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Shulchan Arukh, Orach Chayyim 586:21 (excerpt):

הָיָה הַשּׁוֹפָר בְּרֹאשׁ הָאִילָן ...וְאֵין לוֹ שׁוֹפָר אֶלָּא הוּא, אֵינוֹ עוֹלֶה בָּאִילָן

If a shofar was in a tree ... and he has no other shofar besides this one, he does not climb the tree.

Several years ago, between Mincha and Ma'ariv on the 1st day of Rosh Hashanna, our rabbi was reading this paragraph with the cong. A man asked the rabbi, "What would a shofar be doing in a tree?" The rabbi had no answer.

Now, I know that M.Y. is not a substitute for my rabbi :-) But, I'm not asking for psak, here, as we all know what the ruling already is. But, I assume that the Shulchan Aruch stated this rule b/c in their time, at some point, a shofar was caught in a tree, even though we may not have that happen now. (I once planted a shofar, but, alas, no shofar tree. My kids were disappointed!)

So. I repeat the old man's question - how would the shofar have gotten in the tree?

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    Why do you assume that it is anything more than a theoretical example of a mitzvah blocked by a rabbinic prohibition? – mevaqesh Aug 24 '15 at 20:26
  • I have actually been wondering about this myself. Someone mentioned a shofar in a tree in an answer to my question about Shabbos goyim. – Wad Cheber Aug 24 '15 at 20:39
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    @DanF - Were you under the impression that goats and Rams were animals? They're actually fruit. (I linked the wrong picture last time) – Wad Cheber Aug 24 '15 at 21:10
  • @WadCheber Your link in your last comment didn't display anything. It could me some proxy settings that are blocking it. At any rate, can you describe, in words, what you are saying, and more specifically, how this relates to my question? – DanF Aug 22 '16 at 15:46
  • @DanF I was able to link to the picture and it showed goats photoshopped as standing on the branches of a tree. It is just a joke and has nothing to do with the question. – sabbahillel Aug 22 '16 at 19:57
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Presumably because someone put it there.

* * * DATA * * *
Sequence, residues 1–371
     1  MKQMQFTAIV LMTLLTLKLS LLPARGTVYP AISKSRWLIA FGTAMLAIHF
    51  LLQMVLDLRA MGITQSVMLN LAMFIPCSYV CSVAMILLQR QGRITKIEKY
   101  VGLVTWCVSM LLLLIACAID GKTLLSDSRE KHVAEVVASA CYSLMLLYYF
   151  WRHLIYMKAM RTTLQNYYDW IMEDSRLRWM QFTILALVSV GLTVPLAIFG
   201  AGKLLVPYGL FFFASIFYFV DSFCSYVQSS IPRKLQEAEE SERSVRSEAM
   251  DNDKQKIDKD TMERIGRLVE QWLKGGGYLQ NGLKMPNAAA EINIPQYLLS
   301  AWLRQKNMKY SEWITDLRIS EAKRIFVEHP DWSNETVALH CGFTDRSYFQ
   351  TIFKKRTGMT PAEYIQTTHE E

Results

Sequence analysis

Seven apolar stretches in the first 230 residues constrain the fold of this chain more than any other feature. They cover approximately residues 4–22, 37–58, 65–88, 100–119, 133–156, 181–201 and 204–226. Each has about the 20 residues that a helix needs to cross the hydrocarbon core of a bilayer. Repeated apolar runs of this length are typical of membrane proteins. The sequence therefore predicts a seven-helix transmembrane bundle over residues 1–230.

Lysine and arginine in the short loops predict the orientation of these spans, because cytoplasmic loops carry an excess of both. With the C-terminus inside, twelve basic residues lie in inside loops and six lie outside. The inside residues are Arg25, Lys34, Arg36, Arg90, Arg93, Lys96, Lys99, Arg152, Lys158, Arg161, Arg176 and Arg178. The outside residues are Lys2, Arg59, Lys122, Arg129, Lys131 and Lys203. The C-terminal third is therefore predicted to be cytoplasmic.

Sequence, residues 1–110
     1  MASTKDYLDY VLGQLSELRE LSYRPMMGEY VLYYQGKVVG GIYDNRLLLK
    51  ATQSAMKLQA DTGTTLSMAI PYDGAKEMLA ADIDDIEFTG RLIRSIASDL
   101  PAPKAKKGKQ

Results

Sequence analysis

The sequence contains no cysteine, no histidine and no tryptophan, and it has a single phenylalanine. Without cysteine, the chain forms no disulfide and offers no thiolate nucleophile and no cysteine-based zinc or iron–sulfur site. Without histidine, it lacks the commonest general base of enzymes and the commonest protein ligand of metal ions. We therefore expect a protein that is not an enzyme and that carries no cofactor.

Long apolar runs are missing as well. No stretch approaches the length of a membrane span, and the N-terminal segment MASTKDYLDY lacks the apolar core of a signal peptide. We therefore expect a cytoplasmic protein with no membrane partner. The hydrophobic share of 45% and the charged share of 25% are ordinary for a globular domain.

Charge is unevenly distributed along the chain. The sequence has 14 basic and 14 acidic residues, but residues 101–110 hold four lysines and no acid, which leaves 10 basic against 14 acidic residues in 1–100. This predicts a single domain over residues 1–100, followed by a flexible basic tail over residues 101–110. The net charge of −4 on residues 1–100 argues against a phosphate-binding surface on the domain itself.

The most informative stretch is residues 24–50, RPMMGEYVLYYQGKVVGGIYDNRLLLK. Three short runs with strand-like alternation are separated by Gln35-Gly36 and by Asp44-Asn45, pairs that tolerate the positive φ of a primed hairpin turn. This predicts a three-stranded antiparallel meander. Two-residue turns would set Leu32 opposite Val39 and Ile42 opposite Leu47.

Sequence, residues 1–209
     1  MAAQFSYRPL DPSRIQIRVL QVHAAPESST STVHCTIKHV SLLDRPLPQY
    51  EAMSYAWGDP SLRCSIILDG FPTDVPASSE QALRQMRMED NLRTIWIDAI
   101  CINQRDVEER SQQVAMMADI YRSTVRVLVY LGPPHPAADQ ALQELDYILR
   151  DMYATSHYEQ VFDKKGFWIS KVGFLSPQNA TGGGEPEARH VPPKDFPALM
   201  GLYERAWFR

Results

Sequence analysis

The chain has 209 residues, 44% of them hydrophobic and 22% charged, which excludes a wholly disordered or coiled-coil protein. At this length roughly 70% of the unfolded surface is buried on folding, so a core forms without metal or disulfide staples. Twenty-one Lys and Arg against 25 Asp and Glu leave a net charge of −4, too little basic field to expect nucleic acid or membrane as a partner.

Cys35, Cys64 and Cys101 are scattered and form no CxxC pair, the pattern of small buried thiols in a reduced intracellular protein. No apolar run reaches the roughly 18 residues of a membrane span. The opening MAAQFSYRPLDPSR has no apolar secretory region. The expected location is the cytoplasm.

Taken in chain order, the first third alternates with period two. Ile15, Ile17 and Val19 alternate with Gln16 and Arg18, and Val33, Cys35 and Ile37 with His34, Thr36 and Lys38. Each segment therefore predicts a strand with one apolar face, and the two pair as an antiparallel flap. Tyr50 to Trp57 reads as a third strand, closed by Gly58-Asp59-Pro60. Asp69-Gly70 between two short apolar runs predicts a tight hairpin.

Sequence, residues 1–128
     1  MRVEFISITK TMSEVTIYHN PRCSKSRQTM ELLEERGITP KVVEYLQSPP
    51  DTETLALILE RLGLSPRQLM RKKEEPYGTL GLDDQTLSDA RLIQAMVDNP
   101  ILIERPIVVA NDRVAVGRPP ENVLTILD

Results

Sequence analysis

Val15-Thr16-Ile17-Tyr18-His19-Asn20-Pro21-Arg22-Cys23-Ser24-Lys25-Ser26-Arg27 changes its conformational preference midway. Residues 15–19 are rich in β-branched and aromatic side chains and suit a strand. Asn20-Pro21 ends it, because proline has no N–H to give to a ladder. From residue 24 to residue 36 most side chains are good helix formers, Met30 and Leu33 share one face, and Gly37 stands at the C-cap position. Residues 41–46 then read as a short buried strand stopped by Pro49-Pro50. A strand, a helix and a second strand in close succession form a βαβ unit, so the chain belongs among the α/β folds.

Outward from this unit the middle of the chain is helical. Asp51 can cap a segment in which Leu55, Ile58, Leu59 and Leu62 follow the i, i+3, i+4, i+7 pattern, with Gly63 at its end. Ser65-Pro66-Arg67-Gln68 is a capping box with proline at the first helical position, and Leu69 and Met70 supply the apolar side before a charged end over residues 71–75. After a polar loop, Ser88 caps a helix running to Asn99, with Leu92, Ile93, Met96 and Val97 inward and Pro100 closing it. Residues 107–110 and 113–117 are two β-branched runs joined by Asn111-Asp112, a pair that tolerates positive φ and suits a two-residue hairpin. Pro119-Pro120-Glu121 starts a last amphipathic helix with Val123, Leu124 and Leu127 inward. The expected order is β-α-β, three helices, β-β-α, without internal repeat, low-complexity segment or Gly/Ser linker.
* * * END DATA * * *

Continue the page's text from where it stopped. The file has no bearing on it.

Perhaps he was walking along the road on the 25th of Elul holding a shofar and decided to rest it on a branch (or trunk bifurcation) for a moment while he adjusted his backpack. Then, when he started walking again, he forgot it there.

Or perhaps he was using a mirror in a shofar as a sort of periscope, leaning it on a tree branch to peer around the tree, and left it there for future use.

Or perhaps he was butchering a ram in the middle of a lime grove and putting the parts on various trees as decoration. He completely hollowed out the shofaros before putting them up because he wanted to put them around the branches rather then balance them on the branches.

I can probably think of even more outlandish examples if you like; but the first one actually seems quite plausible.

  • I'm not sure if you are making up these ideas or not. I'm not discounting that anything is possible. But, again, my question does state what happened that the SA would be concerned abou this. I don't believe that SA gives examples that aren't actually presentations of events that somehow occurred on some level. Why would it be so concerned about a theoretical possibility, esp. something rather miniscule? – DanF Aug 24 '15 at 20:45
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    DanF, I have no doubt that, many times, people have put stuff down on branches (or trunk bifurcations) while passing by. Probably even shofaros. – msh210 Aug 24 '15 at 20:48